"When he saw the crowds, he had compassion for them, because they were harassed and helpless, like sheep without a shepherd. Then he said to his disciples, "The harvest is plentiful, but the laborers are few; therefore pray earnestly to the Lord of the harvest to send out laborers into his harvest." - Matthew 9:36-38
To be faithful to Christ's command in Matthew 9, I have always thought that Christians were supposed to "pray people to the field." After, myself, going through the process of becoming a missionary, I completely understand why Jesus told us that the "goers" need a lot of prayer. There are a million hurdles: finding a mission agency, having both spouses being equally committed to the cause, getting all the education that one needs, raising thousands and thousands of dollars, and so on.
But, at this point, I am becoming more and more convinced that as much as we need to pray that God would SEND missionaries to the field, we also need to pray that he would KEEP them there. I am learning that the reasons to return home to the States are more plentiful than the hurdles that missionaries face before reaching the field. Some missionaries return home due to interpersonal conflict among their team, others due to sickness, and still others due to foreign governments refusing to renew visas. Whatever the reason, I think this trend lends to the fact that there is a real Enemy who wants to keep the lost in darkness and thus does everything in his power to keep "beautiful feet" reaching the unreached.
As we noted before, just since we arrived in France we have seen an enormous amount of opposition to those in our language program. Even this week, a fellow missionary family was told that they might have to return home to the US. This family arrived in France with 3 kids and one on the way, and their goal was to study French then head off to Africa. However, this past week, their fourth child was born with what appears to be a serious disease which would prevent him from living in Africa. He is still undergoing some tests but this family is having to grapple with the reality of a sick child and the possibility of having to pack their bags and return to the country they just left.
So, how are we to interpret situations like these? I think the first step is to acknowledge the gravity of the potential loss. Paul asks the question in Romans 10:14 "But how are they to call on him in whom they have not believed? And how are they to believe in him of whom they have never heard? And how are they to hear without someone preaching?"
Answer: The lost will not call on Jesus if they do not believe in him. And they will not believe in him unless they have heard of him. And they will not hear about Jesus unless someone tells them about him. And the reality is that many people groups in the world do not have any Christian witness, thus people need to be sent to them. And if people are not sent to them (from whatever country, not just the US of course) they will not believe. They will not give God the glory he deserves and they will not be saved. I am hard pressed to interpret Paul's argument in any other way.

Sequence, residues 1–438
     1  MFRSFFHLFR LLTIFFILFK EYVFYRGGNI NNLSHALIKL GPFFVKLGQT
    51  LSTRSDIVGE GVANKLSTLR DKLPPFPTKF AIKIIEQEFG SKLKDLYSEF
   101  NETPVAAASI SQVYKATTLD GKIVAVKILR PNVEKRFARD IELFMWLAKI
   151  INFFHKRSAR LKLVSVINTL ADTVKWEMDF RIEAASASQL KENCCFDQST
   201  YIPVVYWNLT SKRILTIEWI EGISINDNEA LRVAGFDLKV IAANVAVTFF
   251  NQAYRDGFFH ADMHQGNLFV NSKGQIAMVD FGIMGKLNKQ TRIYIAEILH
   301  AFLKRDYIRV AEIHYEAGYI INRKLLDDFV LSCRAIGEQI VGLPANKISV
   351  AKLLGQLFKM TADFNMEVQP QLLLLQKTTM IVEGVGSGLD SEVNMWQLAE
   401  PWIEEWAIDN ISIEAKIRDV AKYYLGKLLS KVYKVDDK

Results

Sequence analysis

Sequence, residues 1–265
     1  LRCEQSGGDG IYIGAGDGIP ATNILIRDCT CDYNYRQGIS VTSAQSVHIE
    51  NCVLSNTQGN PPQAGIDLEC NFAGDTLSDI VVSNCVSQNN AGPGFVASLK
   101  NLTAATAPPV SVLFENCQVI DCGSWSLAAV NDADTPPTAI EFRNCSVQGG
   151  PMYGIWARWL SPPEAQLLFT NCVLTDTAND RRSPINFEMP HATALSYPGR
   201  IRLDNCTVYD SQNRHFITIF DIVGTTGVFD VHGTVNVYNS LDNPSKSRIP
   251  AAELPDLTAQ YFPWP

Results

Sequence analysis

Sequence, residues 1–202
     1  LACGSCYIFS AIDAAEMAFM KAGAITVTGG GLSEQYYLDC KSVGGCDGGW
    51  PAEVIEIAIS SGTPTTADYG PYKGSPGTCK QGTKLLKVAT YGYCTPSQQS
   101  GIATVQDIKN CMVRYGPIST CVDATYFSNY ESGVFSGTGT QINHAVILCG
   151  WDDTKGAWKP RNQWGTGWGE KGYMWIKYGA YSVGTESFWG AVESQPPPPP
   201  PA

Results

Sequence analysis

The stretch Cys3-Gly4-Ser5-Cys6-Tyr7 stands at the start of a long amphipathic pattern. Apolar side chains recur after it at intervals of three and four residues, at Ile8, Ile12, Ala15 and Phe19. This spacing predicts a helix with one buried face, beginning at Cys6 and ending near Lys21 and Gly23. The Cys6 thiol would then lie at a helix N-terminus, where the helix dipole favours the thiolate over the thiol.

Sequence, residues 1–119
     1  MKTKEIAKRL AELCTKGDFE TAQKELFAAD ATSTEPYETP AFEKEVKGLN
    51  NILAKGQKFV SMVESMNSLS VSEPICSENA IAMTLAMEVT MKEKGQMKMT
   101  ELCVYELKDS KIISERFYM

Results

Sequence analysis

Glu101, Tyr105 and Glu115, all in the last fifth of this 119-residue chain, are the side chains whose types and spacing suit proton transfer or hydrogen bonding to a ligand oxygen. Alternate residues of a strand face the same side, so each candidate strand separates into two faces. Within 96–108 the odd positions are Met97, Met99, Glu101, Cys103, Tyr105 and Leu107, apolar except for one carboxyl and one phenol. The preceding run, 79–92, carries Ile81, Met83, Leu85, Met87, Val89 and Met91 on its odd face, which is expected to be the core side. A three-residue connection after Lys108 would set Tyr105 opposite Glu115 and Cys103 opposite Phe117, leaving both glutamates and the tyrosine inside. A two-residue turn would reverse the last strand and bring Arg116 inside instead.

Thus the loss of "goers" to an unreached people group is a loss of light, a loss of Jesus, a loss of salvation.
But is not God Sovereign?
Considering our friends' situation, can we not relax a little and just say that the Lord is sovereign over this birth defect and accept the fact he is redirecting the steps of this family?
I think we should look to King David for an answer to this question. He was certainly a king who believed in the sovereignty of God, and yet his belief did not lead to a passivity. When a prophet of the Lord directly told him that it was the will of God that his child die as a result of his sin with Bathsheba, David threw himself on the ground weeping and pleading with God for seven days (2 Sam 12). He gave his reason in 2 Samuel 12:22 "I fasted and wept, for I said, 'Who knows whether the LORD will be gracious to me, that the child may live?'" David knew his God was merciful and so for seven days he appealed to this mercy and grace that he would not take the life of his child.
Then, when his baby died David got up, bathed himself, worshiped God, and ate. It was clear that God had made a decision and there was nothing more that could be done. He rested in God's sovereign decision after his will was crystal clear.
If King David had a prophet directly tell him what the Lord said and he "fought it," how much more can we "fight" what comes out of the mouth of an atheist doctor? How much quicker should we be to appeal to God's heart for the lost and commitment to save people from every tribe, tongue and nation?
I fear that too often we pray half-hearted prayers calling our lack of zeal a submission to God's sovereignty.
So, to conclude this post, I say we refuse to accept the departure of this family until (like David) we are to a point of no return. I say that we echo the zeal of the psalmist who restlessly, aggressively cried out...
"You have seen, O LORD; be not silent! O Lord, be not far from me! Awake and rouse yourself for my vindication, for my cause, my God and my Lord!" - Psalm 35:22-23
"Do not hide your face from me in the day of my distress! Incline your ear to me; answer me speedily in the day when I call!" Psalm 102:2
I say that people all over the world join together to pray that the Lord would "awake" and heal this baby, for the baby's sake and also for the advancement of the Gospel into Africa. And I say that the "senders" continue to pray for missionaries on the field that the Lord would "answer speedily" and keep them sent out for decades.